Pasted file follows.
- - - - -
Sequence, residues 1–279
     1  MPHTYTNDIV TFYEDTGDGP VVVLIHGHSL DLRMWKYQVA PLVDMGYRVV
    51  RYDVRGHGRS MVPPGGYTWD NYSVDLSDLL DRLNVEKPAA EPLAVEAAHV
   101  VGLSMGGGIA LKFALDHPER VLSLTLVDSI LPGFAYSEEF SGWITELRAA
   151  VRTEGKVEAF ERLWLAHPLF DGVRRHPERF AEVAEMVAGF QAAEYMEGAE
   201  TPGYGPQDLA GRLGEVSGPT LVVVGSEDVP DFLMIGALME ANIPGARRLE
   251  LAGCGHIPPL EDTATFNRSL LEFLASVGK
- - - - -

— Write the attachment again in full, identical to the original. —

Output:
Sequence, residues 1–279
     1  MPHTYTNDIV TFYEDTGDGP VVVLIHGHSL DLRMWKYQVA PLVDMGYRVV
    51  RYDVRGHGRS MVPPGGYTWD NYSVDLSDLL DRLNVEKPAA EPLAVEAAHV
   101  VGLSMGGGIA LKFALDHPER VLSLTLVDSI LPGFAYSEEF SGWITELRAA
   151  VRTEGKVEAF ERLWLAHPLF DGVRRHPERF AEVAEMVAGF QAAEYMEGAE
   201  TPGYGPQDLA GRLGEVSGPT LVVVGSEDVP DFLMIGALME ANIPGARRLE
   251  LAGCGHIPPL EDTATFNRSL LEFLASVGK